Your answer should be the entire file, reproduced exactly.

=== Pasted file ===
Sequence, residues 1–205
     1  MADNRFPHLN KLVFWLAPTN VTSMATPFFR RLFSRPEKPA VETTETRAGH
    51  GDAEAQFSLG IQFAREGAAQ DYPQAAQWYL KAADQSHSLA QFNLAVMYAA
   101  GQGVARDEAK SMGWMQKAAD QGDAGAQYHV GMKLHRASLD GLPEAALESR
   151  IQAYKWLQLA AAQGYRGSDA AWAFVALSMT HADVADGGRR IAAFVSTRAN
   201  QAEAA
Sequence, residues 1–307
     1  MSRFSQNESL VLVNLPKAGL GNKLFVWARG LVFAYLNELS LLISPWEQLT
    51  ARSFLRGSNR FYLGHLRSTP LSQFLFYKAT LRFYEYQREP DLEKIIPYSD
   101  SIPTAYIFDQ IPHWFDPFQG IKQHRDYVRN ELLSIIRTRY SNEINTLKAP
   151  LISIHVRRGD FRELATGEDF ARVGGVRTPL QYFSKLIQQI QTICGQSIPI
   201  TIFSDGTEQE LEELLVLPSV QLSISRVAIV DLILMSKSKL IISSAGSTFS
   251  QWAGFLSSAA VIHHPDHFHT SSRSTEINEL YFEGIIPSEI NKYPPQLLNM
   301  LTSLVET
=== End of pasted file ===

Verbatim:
Sequence, residues 1–205
     1  MADNRFPHLN KLVFWLAPTN VTSMATPFFR RLFSRPEKPA VETTETRAGH
    51  GDAEAQFSLG IQFAREGAAQ DYPQAAQWYL KAADQSHSLA QFNLAVMYAA
   101  GQGVARDEAK SMGWMQKAAD QGDAGAQYHV GMKLHRASLD GLPEAALESR
   151  IQAYKWLQLA AAQGYRGSDA AWAFVALSMT HADVADGGRR IAAFVSTRAN
   201  QAEAA
Sequence, residues 1–307
     1  MSRFSQNESL VLVNLPKAGL GNKLFVWARG LVFAYLNELS LLISPWEQLT
    51  ARSFLRGSNR FYLGHLRSTP LSQFLFYKAT LRFYEYQREP DLEKIIPYSD
   101  SIPTAYIFDQ IPHWFDPFQG IKQHRDYVRN ELLSIIRTRY SNEINTLKAP
   151  LISIHVRRGD FRELATGEDF ARVGGVRTPL QYFSKLIQQI QTICGQSIPI
   201  TIFSDGTEQE LEELLVLPSV QLSISRVAIV DLILMSKSKL IISSAGSTFS
   251  QWAGFLSSAA VIHHPDHFHT SSRSTEINEL YFEGIIPSEI NKYPPQLLNM
   301  LTSLVET